Jim Saslibury of CSNPhilly.com has the story …
Cliff Lee has made a small, but positive, step in his recovery from a strained left elbow.
Lee made 35-40 tosses Wednesday in what he called “a light throwing” session. It was the first time he’d thrown since he made his last start May 18.
“He felt normal,” Phillies manager Ryne Sandberg told CSNPhilly.com following Wednesday’s short throwing workout. “There’s pretty much no sensation in there.”
Lee is on the disabled list currently with a strained flexor-pronator tendon in his left elbow.
If he makes it back before the July 31 trade deadline, he’ll be a prime candidate to be moved.
The 35-year-old southpaw is making $25 million this season and owed $25 million next season.
Finally a dose of hope for injured ace Cliff Lee …
Phillies manager Ryne Sandberg told Matt Gelb at the Philadelphia Inquirer on Tuesday evening that the left-hander is nearly over the discomfort in his pitching elbow and “very close to picking up a ball.”
Lee has been on the disabled list since May 19 because of a left elbow strain and there is still no timetable for his return to Philly’s active roster. If he makes it back before the July 31 trade deadline, he is sure to be a popular target for contending teams.
The 35-year-old owns a spectacular 2.83 ERA, 1.07 WHIP, and 8.9 K/9 in 734 1/3 innings since joining Philadelphia prior to the start of the 2011 campaign. He is earning a $25 million salary this season and owed $25 million in 2015 (with a $12.5 million buyout on a $27.5 million vesting option for 2016).
For the second straight week Phillies left-hander Cliff Lee has been unable to begin a throwing program because of continued soreness in his elbow.
Lee told Todd Zolecki of MLB.com that his elbow “is getting better” but the soreness “is still there a little bit.”
It’s also worth noting that Lee admitted to pitching through discomfort for several weeks before finally being shut down and placed on the disabled list on May 19, so either this current soreness is much worse or he’s changed his stance about pitching through pain.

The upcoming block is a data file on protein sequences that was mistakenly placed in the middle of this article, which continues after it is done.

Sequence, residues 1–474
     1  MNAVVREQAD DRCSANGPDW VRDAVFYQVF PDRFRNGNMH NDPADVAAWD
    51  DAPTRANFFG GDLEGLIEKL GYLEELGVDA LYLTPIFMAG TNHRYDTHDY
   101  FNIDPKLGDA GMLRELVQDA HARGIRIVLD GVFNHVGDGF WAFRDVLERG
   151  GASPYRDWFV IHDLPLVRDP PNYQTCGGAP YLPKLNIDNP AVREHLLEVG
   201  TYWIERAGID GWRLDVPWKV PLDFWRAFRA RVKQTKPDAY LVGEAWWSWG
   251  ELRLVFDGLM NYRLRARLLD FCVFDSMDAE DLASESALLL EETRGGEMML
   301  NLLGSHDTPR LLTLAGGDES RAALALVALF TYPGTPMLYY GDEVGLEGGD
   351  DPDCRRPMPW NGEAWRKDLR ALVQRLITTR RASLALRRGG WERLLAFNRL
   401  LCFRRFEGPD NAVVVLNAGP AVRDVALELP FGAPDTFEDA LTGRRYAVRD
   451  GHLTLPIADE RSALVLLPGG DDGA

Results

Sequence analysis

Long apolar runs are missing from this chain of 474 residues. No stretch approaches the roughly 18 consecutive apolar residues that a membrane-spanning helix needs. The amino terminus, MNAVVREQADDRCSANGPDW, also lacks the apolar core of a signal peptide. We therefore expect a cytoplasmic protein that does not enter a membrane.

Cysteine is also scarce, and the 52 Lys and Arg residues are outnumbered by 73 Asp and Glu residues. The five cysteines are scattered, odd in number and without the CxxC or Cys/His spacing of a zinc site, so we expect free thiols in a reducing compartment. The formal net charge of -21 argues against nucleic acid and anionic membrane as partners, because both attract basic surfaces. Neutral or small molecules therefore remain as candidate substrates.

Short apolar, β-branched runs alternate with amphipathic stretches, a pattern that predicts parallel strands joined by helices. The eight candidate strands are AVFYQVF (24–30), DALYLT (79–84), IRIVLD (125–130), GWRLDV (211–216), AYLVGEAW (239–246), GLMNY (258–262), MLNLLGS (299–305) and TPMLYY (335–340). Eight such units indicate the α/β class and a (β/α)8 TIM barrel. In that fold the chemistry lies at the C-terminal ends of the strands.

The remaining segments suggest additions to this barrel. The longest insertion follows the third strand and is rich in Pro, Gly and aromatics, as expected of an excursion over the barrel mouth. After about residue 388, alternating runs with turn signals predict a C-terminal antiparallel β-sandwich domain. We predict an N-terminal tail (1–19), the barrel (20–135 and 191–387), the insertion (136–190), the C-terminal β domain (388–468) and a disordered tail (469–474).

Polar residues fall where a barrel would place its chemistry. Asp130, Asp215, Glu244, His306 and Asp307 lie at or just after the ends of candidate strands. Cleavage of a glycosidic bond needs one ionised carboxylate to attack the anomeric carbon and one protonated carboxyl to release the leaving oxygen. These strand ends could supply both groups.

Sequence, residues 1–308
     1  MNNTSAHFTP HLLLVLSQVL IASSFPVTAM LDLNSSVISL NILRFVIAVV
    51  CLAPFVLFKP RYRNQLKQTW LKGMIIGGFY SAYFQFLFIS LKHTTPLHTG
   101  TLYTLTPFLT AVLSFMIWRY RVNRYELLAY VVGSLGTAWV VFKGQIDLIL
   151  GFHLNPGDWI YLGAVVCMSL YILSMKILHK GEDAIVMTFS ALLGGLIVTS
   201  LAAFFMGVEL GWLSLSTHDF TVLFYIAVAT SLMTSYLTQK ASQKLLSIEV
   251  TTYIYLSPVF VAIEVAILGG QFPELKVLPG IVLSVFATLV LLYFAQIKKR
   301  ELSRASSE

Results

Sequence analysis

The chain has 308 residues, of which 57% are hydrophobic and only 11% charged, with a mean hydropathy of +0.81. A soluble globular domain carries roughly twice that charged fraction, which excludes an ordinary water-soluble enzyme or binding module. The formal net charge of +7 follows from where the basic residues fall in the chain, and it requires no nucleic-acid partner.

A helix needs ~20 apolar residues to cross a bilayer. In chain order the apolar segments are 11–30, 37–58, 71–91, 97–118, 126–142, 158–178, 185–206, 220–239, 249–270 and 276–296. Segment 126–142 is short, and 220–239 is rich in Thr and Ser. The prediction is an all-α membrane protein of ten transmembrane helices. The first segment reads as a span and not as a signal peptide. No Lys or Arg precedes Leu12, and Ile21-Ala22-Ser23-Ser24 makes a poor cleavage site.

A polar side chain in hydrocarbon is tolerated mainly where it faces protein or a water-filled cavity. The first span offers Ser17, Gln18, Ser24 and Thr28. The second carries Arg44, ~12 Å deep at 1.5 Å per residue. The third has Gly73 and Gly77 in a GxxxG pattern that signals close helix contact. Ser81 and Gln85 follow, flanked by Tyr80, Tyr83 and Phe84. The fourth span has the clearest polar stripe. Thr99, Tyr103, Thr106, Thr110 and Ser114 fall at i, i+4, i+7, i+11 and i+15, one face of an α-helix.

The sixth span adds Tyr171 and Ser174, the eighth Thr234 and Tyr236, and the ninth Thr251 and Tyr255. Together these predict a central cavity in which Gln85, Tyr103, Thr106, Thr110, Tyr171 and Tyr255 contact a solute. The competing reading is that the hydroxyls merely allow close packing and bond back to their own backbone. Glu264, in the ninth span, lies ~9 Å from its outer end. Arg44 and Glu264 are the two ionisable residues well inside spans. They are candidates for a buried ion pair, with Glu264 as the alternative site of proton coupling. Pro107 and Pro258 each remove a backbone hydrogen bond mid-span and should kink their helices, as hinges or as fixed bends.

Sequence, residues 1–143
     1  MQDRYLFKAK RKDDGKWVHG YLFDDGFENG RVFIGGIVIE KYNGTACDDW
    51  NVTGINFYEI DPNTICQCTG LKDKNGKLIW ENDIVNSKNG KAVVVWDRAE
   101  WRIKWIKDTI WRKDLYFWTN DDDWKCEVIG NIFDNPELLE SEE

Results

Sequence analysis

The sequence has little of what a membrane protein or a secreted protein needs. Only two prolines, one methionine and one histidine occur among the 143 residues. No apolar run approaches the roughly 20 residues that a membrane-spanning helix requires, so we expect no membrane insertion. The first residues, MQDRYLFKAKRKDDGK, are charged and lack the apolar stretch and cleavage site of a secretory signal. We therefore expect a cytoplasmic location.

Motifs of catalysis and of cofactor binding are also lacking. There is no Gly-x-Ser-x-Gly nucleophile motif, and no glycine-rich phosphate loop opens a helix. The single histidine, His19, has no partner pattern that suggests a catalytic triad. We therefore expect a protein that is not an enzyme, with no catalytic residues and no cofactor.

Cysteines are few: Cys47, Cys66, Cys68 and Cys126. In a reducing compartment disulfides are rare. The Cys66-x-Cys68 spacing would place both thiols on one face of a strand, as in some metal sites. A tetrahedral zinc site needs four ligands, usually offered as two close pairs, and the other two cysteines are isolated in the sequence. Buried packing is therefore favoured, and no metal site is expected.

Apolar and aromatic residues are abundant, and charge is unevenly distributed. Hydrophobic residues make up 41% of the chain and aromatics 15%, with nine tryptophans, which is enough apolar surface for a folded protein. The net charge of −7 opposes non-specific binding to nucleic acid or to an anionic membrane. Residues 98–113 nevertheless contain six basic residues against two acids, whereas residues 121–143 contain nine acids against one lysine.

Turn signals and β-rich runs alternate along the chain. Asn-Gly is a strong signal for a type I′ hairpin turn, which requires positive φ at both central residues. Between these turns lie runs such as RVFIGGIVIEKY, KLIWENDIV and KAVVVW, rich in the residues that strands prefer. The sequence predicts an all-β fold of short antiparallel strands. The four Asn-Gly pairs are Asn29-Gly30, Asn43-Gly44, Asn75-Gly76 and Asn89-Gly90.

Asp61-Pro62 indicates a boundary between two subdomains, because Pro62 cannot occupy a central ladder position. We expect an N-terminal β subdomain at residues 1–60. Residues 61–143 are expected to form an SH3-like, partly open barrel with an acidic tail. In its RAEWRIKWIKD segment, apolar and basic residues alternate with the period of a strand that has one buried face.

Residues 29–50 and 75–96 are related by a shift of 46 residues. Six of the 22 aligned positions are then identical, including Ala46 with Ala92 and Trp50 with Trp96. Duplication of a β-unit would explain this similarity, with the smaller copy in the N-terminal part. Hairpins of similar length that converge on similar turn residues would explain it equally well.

Lee had a 3.18 ERA and 61/9 K/BB ratio in 68 innings before going on the shelf, which is pretty remarkable for a 35-year-old who was apparently hurt for a big chunk of that time and logged some big pitch counts over that stretch.
At the very least, we can say that Phillies left-hander Cliff Lee will not be ready to return from the disabled list when he’s first eligible, as Jim Salisbury of CSNPhilly.com reports that he’s still feeling some soreness in his elbow and hasn’t been cleared to resume throwing.
Lee was placed on the disabled list after his last start on May 18 due to a Grade 1-2 strain of his flexor-pronator tendon. The veteran southpaw was examined by team medical personnel today, after which Phillies general manager Ruben Amaro, Jr. said that he’s “improved,” but just “not ready.” The plan calls for him to be reevaluated in three days.
Prior to the injury, Lee had a very typical 3.18 ERA and 61/9 K/BB ratio in 68 innings across 10 starts. The 35-year-old has been mentioned a possible trade candidate if (or when) the Phillies fall out of things, but he’ll obviously have to prove his health and effectiveness before there’s any chance of that. He’s making $25 million this season and another $25 million next year.
In what qualifies as relatively good news considering they sent him for MRI exam, the Phillies have placed left-hander Cliff Lee on the disabled list with a flexor strain of his elbow.
Lee has been his usual fantastic self this season with a 3.18 ERA and 61/9 K/BB ratio in 68 innings, but Matt Gelb of the Philadelphia Inquirer reports that he’s been pitching through a flexor pronator strain for three weeks. During that time Lee has thrown 106, 100, 114, and 116 pitches and going back slightly further he tossed a season-high 128 pitches against the Braves on April 16.
For now the Phillies are saying they hope to potentially have Lee back when he’s first eligible to return in 15 days–general manager Ruben Amaro Jr. called the injury “pretty mild”–but obviously that’s far from a given at this point. Phillies fans can at least stop holding their collective breath for a while, though.